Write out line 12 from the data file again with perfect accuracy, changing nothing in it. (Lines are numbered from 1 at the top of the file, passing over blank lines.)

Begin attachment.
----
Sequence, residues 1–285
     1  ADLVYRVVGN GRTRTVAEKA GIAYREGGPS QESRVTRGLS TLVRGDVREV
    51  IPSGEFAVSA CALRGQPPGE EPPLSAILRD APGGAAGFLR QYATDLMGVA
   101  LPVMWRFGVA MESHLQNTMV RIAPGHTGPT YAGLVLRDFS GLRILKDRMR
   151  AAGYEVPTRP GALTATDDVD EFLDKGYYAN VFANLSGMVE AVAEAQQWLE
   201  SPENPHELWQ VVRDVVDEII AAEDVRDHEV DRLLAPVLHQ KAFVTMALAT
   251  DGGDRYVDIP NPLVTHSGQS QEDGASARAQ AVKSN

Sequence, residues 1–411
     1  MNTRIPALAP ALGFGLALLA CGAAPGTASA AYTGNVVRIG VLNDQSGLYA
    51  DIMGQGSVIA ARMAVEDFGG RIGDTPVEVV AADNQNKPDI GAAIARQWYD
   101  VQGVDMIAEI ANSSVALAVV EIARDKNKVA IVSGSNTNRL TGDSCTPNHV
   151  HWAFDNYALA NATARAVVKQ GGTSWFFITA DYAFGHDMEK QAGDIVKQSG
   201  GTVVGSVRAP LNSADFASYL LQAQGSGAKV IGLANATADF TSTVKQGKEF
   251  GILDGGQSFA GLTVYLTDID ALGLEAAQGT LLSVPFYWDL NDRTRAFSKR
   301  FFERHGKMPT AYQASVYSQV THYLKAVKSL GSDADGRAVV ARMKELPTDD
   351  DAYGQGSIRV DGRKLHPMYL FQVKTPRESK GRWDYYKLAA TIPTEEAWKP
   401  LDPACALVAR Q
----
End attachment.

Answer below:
   151  HWAFDNYALA NATARAVVKQ GGTSWFFITA DYAFGHDMEK QAGDIVKQSG